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Stern’s client this go-round is Dr. Kiril Pafko, a lifelong friend and fellow Argentinian who finds himself charged with fraud, insider trading and murder over the clinical trial of a life-saving cancer drug he developed that went south in the worst way. About a year into the trial, several patients suddenly died, and the government is seeking to hold Dr. Pafko responsible not just for

“Cecil,” Stern tells him, “I cannot count the number of prosecutions where Marta and I felt we had decimated every witness for the government, and the jury returned with a guilty verdict even before we had time to leave the courthouse for lunch.” This, regrettably, is not false modesty. Unlike civil cases, where the venire come to court knowing nothing about either side, juries usually start criminal cases with faith in the prosecutors whom they tend to regard as public servants working for them. Stern shares with Cecil the watchword Marta and

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their deaths, but also for hiding the results and cashing in before the news went public. Against overwhelming evidence, Sandy and Marta poke holes in the government’s case one witness at a time, causing counsel for the pharmaceutical company observing the trial to express hope for acquittal. But Stern stops him before he jinxes the whole thing:

he have learned to live by: ‘The zombies keep coming.’ The phrase is borrowed from Henry, Marta’s younger son, who, when he was twelve, offered that quick summary of a video game he was playing. No matter how many zombies the good guys kill off, there are always more, and one inevitably will get you. Sooner or later a jury throws up its hands at the notion that person after person has shown up on the witness stand to lie or that time and again the government has gotten things wrong.

© 2020 Smith, Gambrell & Russell, LLP


Book Review

“The zombies keep coming.” Zombies notwithstanding, in the courtroom, few can match Sandy Stern. There, despite his accent – a mix of Spanish and Yiddish – and old-school European mannerisms, he belongs. At 85, Stern is as sharp as ever. This is not to say that he always gets it right. He doesn’t. That’s one of the best things about Turow: he writes it like it happens, both the triumphs and the mistakes. And he vividly describes the agonizing self-flagellation lawyers put themselves through when they make an error in judgment: the lost sleep, the replaying of the moment over and over in one’s head, the bringing it up in conversation time and again, long after everyone else has moved on. As any lawyer well knows, you’re only as good as your last misstep. As to why Stern made the questionable decision to represent his oldest friend in a murder trial instead of referring him to someone else, there is a reason: he owes him. Stern suffers from the very form of cancer that Dr. Pafko’s miracle drug is meant to cure, and in his case it worked. So how could he say no? It is only when they are too far down the road that Stern realizes that his friend has secrets he never even imagined, things he was too close to see. As Turow puts it, “[a] little like compulsive gamblers who can’t resist another bet, no matter what the odds, fraud defendants always want to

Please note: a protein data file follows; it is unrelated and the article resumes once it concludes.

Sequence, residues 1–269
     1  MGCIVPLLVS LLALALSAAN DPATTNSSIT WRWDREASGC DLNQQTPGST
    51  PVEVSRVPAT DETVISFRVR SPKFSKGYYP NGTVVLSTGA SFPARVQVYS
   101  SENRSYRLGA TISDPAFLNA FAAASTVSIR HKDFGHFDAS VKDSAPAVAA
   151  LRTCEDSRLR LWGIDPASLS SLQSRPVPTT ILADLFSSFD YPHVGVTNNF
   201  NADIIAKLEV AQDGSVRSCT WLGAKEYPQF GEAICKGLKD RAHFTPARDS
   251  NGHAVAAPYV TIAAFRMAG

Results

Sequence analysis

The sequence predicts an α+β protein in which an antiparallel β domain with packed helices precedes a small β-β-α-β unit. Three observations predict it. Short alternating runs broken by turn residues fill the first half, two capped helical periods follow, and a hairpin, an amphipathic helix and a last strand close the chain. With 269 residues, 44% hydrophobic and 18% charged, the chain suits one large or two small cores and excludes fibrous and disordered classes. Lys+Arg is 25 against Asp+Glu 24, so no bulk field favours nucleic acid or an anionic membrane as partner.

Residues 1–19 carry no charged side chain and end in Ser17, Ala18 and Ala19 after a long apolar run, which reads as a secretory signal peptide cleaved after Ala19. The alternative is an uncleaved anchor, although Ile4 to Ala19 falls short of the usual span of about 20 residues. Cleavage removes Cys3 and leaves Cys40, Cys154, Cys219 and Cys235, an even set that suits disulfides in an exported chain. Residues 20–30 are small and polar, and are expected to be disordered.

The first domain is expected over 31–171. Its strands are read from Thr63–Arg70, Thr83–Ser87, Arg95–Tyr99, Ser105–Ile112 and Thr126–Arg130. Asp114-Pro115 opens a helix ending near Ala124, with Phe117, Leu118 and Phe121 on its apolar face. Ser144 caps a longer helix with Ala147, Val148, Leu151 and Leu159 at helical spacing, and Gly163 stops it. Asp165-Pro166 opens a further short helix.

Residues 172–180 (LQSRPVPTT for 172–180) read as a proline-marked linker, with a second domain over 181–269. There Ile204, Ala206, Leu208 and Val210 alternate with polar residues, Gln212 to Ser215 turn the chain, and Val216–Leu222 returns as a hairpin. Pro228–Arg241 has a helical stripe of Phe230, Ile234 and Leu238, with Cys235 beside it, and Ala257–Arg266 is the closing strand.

try to sell their story to someone else.” Often that someone else is their own lawyer. In The Last Trial, it is Pinky’s gut instincts that prove decisive. For all her failures, she is a born investigator. She somehow knows not to try to make the facts fit the theory, but rather to keep asking questions, to persist in asking why, especially when things seem to tie up in neat little bows. Often that is a sign that something has been overlooked – something that could prove deadly, whether to the case or otherwise. For all the talk of justice as the ultimate pursuit of truth, Turow shows us that it’s much more complicated than that. With every trial, there is always something left undiscovered, and the outcome rarely resolves every question. But for the lawyers, there is a truth they cannot escape: the one about themselves.

Sarah Gordon sgordon@sgrlaw.com